Dealing with especially potent magic items is not an issue except that it can't break the pre-existing world. As such, larger world changes generally need to be handles with more care than smaller ones.
An uber powerful item that never effects say, the prime material plane, doesn't need as much care as say one that did and had a major historical impact.
I'm thinking more one that had a philosophical impact than a historical one. Less 'world ender' more 'target of quests'. Powerful, undoubtedly powerful... but more active on a personal scale than a political one. An amazing find, and highly valuable, but not enough to change the world by itself.
Well, here's my attempt. I can't find some of the stuff I was curious about on the Wiki, but I think this should work as at least partially integrated into the setting... it does tie into your other challenge a bit, but only indirectly (a single, long gone figure)
Seth of Tormauz was never content. A young mason, who in time became both Wizard and Philosopher, he was one of those who fought the Vaorren, and then the greenskins who came after. And once those threats were gone, and the nation of his birth truly formed, he found new quests to occupy him. Quests for meaning and purpose. With no obvious foes of Tormauz remaining for the moment, his focus became the understanding of things, how the Planes truly were created, how the gods came to be, what the laws were that controlled the flow of destiny and fate, that bound the Vaorren, the mortal races and gods as one.
Seth had never been a believer in half measures. He sought the answer to everything, the truth behind existence itself.
And in some dank elven ruin, he found it.
Not the answer, but a part of it. Some aspect or facet of universal truth. What form it took, Seth could not truly say, some of his writings speak of a blinding light, others of carvings upon the walls that shifted as he read them. Whatever it was, however, it was great. He comprehended it, at least whilst he stood there, but the knowledge was too great for a mortal mind to retain.
But no Wizard comes that far, fights as many battles as this, only to surrender to mere physical limitations. And thus, with focus only a master of magic could muster, Seth of Tormauz bound his Truth into the staff he carried, melding the two, until both staff and Answer were but a single thing.. He let that knowledge, that understanding, flow into what was already an item of power. And it changed as he did so, the once elaborate Wizardly Staff of silver shifting to a simple thing of darkened wood.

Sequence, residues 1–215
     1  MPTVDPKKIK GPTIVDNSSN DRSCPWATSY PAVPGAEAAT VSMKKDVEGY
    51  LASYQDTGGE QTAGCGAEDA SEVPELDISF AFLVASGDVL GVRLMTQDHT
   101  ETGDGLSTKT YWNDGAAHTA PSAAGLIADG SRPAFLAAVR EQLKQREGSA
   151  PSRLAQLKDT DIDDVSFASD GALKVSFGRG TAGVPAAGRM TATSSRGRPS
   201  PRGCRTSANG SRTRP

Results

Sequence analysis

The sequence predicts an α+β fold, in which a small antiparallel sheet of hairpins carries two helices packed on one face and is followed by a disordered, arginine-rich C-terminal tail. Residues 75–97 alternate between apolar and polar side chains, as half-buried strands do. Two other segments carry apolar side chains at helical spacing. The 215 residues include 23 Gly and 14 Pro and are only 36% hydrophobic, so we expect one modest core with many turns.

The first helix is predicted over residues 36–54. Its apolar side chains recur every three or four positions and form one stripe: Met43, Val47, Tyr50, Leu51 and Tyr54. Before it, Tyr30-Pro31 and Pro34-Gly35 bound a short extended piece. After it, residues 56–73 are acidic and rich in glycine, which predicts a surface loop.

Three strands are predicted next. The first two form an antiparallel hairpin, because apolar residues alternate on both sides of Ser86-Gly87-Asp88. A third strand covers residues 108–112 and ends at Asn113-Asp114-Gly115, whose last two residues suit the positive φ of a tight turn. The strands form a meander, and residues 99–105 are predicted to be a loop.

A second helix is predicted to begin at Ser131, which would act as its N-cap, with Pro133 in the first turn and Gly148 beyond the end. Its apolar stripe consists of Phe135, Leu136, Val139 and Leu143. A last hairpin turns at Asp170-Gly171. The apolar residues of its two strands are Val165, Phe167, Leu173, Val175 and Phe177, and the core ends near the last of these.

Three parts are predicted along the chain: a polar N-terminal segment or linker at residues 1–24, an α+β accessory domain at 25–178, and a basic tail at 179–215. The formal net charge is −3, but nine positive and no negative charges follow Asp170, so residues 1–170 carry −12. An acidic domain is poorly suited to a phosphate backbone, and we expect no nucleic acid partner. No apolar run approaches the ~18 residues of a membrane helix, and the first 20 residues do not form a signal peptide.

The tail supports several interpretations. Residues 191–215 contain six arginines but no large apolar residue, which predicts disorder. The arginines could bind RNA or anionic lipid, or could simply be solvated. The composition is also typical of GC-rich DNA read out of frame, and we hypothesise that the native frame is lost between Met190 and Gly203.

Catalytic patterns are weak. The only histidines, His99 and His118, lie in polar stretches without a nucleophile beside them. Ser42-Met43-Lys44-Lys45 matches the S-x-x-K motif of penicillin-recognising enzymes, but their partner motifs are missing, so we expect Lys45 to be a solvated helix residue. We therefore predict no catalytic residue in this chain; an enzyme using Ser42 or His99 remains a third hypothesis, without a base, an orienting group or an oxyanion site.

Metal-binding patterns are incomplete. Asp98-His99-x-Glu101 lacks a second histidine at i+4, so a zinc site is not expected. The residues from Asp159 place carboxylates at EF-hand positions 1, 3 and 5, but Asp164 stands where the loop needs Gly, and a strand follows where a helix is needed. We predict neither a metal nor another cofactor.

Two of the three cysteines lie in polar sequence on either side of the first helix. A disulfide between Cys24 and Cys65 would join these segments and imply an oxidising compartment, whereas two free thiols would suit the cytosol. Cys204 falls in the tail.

Seth smiled as he left the ruins, the staff later known as the Way glowing at his side. His journey was not done, and in truth, would only finish with his death. But on this day, he had found a great Answer, one that would help him on his way forever more.
Seth is long dead now, buried by the march of time, but no one knows for sure if the staff has passed to other hands since then. Many tales have been told, individuals who supposedly possessed the Way at some point, though none have been confirmed. More than one lesser staff has been misidentified as the Way, although a true sage can recognize the effects of the original.
Powers; The Way is a storied relic, and it is storied for a reason. Simply put, nothing may stand before the barer of this staff.
Oh, people might attempt to block his way, walls may be build, mystic wards erected, armies assembled to deny his path. None of these things matter. All the wielder has to do is to continue to progress towards his goal, whatever that may be, and wish an obstacle gone, and the staff will do the rest. Warding spells will shatter at its touch, gates will be broken by simply pointing it towards them. Guardians will be tossed aside and the very earth itself will move aside rather than deny his passage..
That is not to say the wielder becomes invulnerable, after all, death stops all travellers in the end. Nor do the powers of the Way allow it's barer to kill with impunity; every effect will, if possible, remove, rather than destroy. The gates may be blasted open, but barring some slight damage to the lock, they remain intact. Armies may be blown asunder by blasts of torrential force... but not a man will die unless it is clearly needed for the chosen path to progress. Death is, and always will remain, the final Answer.
It was also created by a philosopher, who believed in the ability of people to choose. The Staff can not affect people's free will. it's effects are purely physical. You could use it to make those in your court bow down, if doing so somehow advanced your goal, but they would hold no love for you because of it
One point remains above all, however; The Way has no use for those without a goal. Any person without a strong driving force behind them, if they try to touch the staff, will find the Way returns to it's first form, a simple wooden staff. Yet now it is seemingly intangible, beyond mortal ability to grasp. Only one with a clear goal in their heart, that they truly wish to make manifest, may reclaim the Way from this state.
1) The ancients did it
The ancients for leaving behind bits of power for mortals to scrape up and then slowly corrupt them and bind them to servitude